|By Ron Ross||
|February 21, 2013 08:35 PM EST||
Here’s an experiment in human relations you can do: Walk down the street and as you pass people, smile at them and attempt to engage their eyes without a greeting. Very few people will actually look at you and acknowledge that you are on the same planet let alone within an arm’s length of each other.
We tend to lock the doors of our lives for the same reason we lock the doors to our homes, to keep us safe from unwanted, unknown intruders. Even though most of us don’t look like axe murderers, the strangers we pass by everyday seldom acknowledge us nor do we acknowledge them. We feel safer when we move at a quick pace with our arms crossed about our chest and our eyes cast downward. It’s the natural thing to do, I suppose, to protect our selves. And who’s to criticize, what with all the nightly news reports of kidnappings, murders, and bizarre incidents.
I’m not talking about the acute fear of strangers referred to as Xenophobia; I’m talking about the normal, everyday experience of protecting ourselves from those we don’t know or don’t want to know. Socially healthy people willingly open a door or two of their hearts from time to time.
I’ve identified seven reasons socially healthy people open their private heart doors to others. They are: to play, to abate loneliness, to calm fears, to work, to solve problems, to grow, and to love. I will discuss one area each week for the next six weeks. Here’s the first…
The First Time We Open Our Lives to Others is to Play
It was a hot day in August, 1956 in Council Bluffs, Iowa when I saw a moving truck at the big white house across our back yard and on the other side of the street. After the truck left I noticed a kid about my age sitting on the front porch steps. He looked terribly lonely there all by himself. I could almost feel him calling me to invite him over. Bravely, I walked through the vacant lot and up to his porch and introduced myself. He was quite happy to have found a new friend in this big town he had just moved to.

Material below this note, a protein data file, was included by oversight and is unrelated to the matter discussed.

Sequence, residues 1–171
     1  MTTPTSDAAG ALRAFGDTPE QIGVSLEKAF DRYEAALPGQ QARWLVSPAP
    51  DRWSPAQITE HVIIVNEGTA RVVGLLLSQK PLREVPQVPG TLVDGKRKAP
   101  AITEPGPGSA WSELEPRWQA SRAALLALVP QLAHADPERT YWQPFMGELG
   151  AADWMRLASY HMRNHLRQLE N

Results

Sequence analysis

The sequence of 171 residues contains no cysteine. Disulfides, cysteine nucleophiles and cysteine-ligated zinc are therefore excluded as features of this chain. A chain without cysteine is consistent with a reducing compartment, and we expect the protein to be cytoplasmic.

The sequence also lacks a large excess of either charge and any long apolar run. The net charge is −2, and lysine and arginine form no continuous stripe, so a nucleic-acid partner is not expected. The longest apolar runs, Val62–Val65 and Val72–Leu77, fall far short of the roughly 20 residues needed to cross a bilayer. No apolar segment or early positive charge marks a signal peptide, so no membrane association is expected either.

As children we actually ache for friendship, so are quite good at welcoming strangers into our lives. We want playmates. We ask our mother if we can go over to our friend’s house to play or if they can come and spend the night with us. As we grow, we let others into our lives to play when we join a club, play team sports, or develop personal friendships based on hobbies or other leisure pursuits.
And it’s good for us. When we play we learn about life. We learn to share, to win, to lose, to fight, to make peace, and to compromise. We discover that people are different and that some are nice and some are not. We discover appropriate and inappropriate behavior.
Through play and friendship we discern the unwritten laws of the relational universe. We find outlets for our aggression, we develop problem solving skills, we find relief from stress, we learn about our own likes and dislikes.
As we age, we become more cautious. As we “grew up” and as we played with others we learned that some people ridicule us, exclude us, ignore us, gossip about us, or find our tender spot and go out of their way to hurt us. So when outside of our comfort zone of trusted friends and loved ones, we fold our arms across our chest, cast our eyes downward, and pick up our pace.
Only if we could, like innocent children, interact and enjoy each other’s company without suspicion about intentions, uncertainty about the prudence of the connection, or fear of being hurt. Wouldn’t it be grand if we could regain our innocent, childlike interest in others? Our lives would be better and the world would be a better place to live, don’t you think?
PS: That boy I met over 40 years ago is still my friend – only now he’s my Facebook friend.
Next week: Reason No. 2: To Abate Loneliness